- the conditions of registration of the establishment. This includes imposing, adding or substituting a condition of registration
- the registration of the establishment by reducing the number of export operations that may be carried on.
If the delegate/Secretary varies the conditions of the registration of an establishment, or varies the registration of an establishment, in a way that requires an alteration to the establishment’s certificate of registration, the Secretary must issue a new certificate of registration to the occupier of the establishment within 7 days.
Suspension and Cancellation of Registration or Operations
The secretary, or a delegate of the secretary, has authority to suspend or revoke registration of an establishment under Export Legislation.
An authorised officer (as delegated) has the power to:
- suspend or revoke establishment registration
- suspend a particular export operation for which an establishment is registered
- determine the period of suspension.
An authorised officer must give written notice of suspension of operations if the time needed to fix the problem is likely to be more than two hours.
Registration may also be suspended:
- at the request of the occupier of the establishment
- for non payment of debt.
Grounds for Suspension of Registration
Suspension of registration may be given in writing where the authorised officer has reasonable grounds to believe that requirements according to legislation are not being met, in relation to:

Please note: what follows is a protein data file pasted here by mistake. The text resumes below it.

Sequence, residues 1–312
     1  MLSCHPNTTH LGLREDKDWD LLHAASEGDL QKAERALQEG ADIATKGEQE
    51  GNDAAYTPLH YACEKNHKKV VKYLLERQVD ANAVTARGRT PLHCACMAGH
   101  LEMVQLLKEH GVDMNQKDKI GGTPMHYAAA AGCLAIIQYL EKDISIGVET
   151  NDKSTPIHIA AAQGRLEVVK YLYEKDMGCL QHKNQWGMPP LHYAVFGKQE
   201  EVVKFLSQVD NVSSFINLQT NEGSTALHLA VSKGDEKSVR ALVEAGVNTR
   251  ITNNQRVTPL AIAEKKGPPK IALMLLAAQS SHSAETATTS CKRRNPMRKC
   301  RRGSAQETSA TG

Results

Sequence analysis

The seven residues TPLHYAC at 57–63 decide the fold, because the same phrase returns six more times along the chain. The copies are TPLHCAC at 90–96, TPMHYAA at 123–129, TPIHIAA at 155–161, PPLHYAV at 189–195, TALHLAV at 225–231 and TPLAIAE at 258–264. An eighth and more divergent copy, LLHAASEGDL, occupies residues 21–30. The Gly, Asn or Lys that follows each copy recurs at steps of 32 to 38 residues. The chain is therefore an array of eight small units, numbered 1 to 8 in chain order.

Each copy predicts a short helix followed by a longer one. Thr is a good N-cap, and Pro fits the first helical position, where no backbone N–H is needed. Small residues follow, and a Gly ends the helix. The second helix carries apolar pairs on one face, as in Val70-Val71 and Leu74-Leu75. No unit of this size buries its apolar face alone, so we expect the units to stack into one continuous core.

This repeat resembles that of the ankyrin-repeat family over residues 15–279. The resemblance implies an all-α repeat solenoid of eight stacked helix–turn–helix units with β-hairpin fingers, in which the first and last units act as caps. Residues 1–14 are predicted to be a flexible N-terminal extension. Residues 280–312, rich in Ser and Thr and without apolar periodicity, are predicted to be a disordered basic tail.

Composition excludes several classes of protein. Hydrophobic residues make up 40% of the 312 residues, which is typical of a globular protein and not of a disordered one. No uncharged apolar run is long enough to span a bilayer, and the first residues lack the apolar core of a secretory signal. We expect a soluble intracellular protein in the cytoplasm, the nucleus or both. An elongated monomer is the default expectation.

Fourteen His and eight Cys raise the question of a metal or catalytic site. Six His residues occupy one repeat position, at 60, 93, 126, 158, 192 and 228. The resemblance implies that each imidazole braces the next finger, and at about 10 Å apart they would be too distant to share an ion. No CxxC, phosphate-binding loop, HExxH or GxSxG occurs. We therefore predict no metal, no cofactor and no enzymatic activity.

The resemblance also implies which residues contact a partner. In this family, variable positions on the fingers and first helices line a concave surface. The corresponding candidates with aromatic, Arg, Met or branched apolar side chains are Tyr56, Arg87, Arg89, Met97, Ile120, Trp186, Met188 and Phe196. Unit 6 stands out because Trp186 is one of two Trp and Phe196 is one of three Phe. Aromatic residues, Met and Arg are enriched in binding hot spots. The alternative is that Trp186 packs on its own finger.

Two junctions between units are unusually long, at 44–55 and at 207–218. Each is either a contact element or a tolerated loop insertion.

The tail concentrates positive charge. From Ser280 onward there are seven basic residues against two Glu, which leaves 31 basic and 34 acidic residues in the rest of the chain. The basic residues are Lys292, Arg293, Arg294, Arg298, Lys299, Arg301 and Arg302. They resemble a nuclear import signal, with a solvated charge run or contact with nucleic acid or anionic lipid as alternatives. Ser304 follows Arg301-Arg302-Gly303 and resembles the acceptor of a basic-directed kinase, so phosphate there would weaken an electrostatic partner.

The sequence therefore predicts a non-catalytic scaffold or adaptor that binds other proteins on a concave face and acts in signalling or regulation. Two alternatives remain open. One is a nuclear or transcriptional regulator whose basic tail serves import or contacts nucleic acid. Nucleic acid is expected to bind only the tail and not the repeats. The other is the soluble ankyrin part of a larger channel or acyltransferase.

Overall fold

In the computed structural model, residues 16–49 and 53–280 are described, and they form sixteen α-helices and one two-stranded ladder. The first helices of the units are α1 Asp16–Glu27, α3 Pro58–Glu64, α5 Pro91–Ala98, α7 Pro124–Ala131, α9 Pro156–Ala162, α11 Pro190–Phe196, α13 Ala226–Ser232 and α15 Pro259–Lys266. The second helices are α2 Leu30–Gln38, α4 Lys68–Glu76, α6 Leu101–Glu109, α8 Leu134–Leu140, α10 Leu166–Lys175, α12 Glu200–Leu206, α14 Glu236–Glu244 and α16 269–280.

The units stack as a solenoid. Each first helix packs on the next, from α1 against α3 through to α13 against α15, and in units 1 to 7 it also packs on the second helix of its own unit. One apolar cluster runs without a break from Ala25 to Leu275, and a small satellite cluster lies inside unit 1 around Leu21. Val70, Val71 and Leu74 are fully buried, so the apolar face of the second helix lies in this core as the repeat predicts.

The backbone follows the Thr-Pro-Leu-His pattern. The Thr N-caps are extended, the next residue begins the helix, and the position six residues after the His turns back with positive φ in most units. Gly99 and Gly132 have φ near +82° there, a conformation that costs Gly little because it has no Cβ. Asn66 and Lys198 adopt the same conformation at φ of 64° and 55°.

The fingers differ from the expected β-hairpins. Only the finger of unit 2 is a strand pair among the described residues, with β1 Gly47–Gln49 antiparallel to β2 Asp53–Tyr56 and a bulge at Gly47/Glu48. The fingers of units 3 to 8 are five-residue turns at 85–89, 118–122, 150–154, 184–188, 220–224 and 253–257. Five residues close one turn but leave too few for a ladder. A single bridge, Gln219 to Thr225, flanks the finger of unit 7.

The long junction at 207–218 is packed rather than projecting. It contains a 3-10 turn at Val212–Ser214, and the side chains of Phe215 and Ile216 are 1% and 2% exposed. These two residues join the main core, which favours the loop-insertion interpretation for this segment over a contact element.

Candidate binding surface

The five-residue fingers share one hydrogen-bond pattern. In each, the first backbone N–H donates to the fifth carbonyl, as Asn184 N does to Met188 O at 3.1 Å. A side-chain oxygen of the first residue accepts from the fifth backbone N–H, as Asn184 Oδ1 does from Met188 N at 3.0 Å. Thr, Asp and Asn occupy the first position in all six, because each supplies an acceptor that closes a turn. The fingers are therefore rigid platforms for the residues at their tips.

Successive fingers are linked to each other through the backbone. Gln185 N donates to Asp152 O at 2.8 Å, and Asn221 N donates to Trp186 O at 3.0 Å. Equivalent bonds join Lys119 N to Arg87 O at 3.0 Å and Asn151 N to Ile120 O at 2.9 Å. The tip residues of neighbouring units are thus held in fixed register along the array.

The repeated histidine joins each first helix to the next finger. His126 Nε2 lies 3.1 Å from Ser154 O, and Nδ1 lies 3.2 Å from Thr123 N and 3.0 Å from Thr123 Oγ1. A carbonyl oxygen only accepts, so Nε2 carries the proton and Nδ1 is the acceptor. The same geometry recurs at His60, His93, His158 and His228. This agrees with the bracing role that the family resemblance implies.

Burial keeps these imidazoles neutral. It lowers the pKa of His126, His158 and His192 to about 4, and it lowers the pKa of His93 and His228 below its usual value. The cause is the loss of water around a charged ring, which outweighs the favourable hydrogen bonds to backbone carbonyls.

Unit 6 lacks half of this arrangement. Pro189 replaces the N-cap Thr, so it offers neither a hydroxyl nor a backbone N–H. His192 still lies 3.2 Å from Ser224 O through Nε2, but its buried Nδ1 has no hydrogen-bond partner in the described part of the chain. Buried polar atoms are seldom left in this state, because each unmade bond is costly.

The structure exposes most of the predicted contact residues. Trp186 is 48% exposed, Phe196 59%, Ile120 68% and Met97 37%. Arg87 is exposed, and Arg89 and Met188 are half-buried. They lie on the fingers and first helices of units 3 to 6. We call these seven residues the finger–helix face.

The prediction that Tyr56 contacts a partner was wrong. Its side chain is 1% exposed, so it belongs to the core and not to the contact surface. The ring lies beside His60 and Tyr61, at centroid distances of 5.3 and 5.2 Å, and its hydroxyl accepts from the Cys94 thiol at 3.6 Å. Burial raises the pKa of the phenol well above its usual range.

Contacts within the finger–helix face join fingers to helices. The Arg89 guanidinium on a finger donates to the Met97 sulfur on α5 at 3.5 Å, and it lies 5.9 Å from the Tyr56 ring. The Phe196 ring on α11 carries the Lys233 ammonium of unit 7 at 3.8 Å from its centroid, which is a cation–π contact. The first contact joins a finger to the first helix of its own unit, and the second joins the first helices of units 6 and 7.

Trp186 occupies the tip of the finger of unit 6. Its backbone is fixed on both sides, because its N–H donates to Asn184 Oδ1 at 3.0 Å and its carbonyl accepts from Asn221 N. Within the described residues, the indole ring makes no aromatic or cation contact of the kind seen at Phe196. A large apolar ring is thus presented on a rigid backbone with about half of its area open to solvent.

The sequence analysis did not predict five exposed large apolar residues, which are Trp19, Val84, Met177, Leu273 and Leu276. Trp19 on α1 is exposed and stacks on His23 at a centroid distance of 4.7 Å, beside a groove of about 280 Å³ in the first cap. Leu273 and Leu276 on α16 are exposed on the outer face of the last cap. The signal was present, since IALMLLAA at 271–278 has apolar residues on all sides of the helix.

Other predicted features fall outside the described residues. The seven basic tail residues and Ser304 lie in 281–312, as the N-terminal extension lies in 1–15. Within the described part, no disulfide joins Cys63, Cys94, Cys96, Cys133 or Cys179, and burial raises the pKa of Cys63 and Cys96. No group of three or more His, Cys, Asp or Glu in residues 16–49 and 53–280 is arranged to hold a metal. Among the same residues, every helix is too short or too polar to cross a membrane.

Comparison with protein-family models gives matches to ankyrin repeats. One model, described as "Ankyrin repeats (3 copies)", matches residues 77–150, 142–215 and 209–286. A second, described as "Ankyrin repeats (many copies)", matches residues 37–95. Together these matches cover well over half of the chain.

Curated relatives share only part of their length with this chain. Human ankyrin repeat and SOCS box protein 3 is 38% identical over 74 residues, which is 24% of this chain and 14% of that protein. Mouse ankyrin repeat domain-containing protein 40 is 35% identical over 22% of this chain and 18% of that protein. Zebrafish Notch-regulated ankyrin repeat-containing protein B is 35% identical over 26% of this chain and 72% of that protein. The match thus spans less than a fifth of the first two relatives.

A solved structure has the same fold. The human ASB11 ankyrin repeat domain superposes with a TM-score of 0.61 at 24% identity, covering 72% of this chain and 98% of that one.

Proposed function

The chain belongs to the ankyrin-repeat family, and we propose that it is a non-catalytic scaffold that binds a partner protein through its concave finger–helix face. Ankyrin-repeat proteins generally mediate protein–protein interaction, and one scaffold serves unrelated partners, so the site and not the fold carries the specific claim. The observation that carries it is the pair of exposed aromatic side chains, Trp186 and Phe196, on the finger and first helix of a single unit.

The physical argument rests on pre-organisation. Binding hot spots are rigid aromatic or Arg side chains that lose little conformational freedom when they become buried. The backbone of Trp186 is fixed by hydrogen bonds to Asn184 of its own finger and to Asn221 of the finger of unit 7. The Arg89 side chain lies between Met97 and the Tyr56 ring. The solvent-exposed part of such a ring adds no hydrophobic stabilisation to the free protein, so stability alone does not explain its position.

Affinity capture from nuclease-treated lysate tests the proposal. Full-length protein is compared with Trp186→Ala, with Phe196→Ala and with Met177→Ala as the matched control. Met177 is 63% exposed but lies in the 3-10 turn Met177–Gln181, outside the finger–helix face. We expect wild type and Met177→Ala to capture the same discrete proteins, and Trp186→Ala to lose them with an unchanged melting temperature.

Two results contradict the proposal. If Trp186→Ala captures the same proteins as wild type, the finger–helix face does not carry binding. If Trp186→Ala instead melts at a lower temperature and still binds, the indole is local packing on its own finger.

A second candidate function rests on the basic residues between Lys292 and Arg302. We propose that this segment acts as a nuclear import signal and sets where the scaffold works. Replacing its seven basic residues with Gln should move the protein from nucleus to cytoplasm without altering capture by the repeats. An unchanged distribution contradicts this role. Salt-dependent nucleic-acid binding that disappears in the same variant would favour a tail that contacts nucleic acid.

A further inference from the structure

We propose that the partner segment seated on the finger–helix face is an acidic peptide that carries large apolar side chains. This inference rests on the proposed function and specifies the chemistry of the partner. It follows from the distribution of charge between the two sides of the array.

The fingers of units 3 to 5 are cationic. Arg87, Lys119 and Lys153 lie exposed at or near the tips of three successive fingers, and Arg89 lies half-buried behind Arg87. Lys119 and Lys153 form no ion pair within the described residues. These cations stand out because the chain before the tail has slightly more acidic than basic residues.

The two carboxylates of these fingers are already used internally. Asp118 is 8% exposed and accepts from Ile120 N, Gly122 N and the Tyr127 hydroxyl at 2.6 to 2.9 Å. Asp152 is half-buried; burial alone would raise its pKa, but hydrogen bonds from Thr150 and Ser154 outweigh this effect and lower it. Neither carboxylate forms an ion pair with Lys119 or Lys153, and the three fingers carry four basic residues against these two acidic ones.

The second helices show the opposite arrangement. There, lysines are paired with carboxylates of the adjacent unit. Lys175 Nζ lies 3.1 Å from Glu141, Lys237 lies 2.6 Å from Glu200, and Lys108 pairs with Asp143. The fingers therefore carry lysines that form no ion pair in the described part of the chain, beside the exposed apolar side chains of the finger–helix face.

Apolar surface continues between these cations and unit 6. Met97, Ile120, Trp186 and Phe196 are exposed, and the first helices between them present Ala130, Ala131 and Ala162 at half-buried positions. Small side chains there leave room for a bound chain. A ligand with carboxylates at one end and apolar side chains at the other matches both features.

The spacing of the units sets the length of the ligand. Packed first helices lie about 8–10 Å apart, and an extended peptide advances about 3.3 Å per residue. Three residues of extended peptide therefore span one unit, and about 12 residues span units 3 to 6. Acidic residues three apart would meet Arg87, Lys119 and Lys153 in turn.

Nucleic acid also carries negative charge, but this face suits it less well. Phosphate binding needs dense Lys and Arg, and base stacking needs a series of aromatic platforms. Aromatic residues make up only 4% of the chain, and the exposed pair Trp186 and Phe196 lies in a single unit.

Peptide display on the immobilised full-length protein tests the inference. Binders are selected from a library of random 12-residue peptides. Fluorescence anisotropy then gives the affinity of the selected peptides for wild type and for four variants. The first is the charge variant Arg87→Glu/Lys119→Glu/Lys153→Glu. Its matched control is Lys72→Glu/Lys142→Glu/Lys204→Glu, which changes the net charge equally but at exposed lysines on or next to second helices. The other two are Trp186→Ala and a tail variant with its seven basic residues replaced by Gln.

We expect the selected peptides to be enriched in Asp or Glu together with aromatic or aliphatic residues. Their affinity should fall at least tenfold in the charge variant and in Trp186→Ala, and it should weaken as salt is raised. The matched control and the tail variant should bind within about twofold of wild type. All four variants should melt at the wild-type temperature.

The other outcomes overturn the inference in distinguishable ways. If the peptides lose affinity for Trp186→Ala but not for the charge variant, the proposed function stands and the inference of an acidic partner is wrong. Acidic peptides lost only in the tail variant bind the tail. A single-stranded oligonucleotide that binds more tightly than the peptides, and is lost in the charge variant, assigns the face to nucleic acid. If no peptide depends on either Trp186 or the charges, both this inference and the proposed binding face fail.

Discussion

- the condition of a registered establishment or
- the carrying on of operations in a registered establishment or
- the export of prescribed goods that have been prepared in a registered establishment or
- there are grounds for the revocation of the registration of an establishment.
Grounds for Suspension of Operations
An authorised officer has the power to monitor the conditions at a registered establishment and determine if prescribed goods are able to be prepared hygienically and if proper inspection of the prescribed goods is possible in accordance with conditions of registration.
If conditions change so they do not meet these requirements, the authorised officer has the power to suspend operations.
An authorised officer (as a delegate of the Secretary) has the power to suspend registration of an establishment in respect of one or more of the export operations for which the establishment is registered. Suspension may be either in part or for all export operations.
While not an exhaustive list, operations may be suspended under export legislation if there are reasonable grounds to believe that:
- prescribed goods are not being prepared at a registered establishment under hygienic conditions or in an hygienic manner
- the proper inspection of prescribed goods at an establishment is not possible
- the establishment and export operations being carried on in the establishment have ceased to comply with any Export Control Order that applies to them
- prescribed goods, other than the prescribed goods in respect of which the establishment is registered, are prepared at the establishment
- the occupier ceases to be fit and proper person.
When registration of an establishment is suspended in respect of one or more of the export operations for which the establishment is registered, this means that prescribed goods prepared at the establishment during the period of suspension are no longer eligible for export.
Period of Suspension
Authorised officers have the power, in consultation with their manager, to determine the suspension period. This is based on the period thought necessary for the establishment to correct the problem non-conformities and comply with the conditions of registration.